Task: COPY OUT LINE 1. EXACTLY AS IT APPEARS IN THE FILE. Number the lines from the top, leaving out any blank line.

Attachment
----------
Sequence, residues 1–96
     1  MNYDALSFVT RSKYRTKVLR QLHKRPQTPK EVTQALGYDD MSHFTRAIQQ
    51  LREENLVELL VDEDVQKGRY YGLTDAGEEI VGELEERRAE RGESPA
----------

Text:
Sequence, residues 1–96